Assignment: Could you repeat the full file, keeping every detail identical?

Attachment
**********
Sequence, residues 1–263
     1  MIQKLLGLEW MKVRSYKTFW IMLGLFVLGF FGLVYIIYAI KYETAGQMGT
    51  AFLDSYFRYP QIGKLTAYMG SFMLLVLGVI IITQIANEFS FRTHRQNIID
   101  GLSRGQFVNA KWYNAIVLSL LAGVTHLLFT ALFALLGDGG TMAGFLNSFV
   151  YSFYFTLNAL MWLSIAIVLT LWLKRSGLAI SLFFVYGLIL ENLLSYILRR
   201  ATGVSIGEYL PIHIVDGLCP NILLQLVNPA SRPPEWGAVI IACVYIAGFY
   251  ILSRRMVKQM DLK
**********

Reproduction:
Sequence, residues 1–263
     1  MIQKLLGLEW MKVRSYKTFW IMLGLFVLGF FGLVYIIYAI KYETAGQMGT
    51  AFLDSYFRYP QIGKLTAYMG SFMLLVLGVI IITQIANEFS FRTHRQNIID
   101  GLSRGQFVNA KWYNAIVLSL LAGVTHLLFT ALFALLGDGG TMAGFLNSFV
   151  YSFYFTLNAL MWLSIAIVLT LWLKRSGLAI SLFFVYGLIL ENLLSYILRR
   201  ATGVSIGEYL PIHIVDGLCP NILLQLVNPA SRPPEWGAVI IACVYIAGFY
   251  ILSRRMVKQM DLK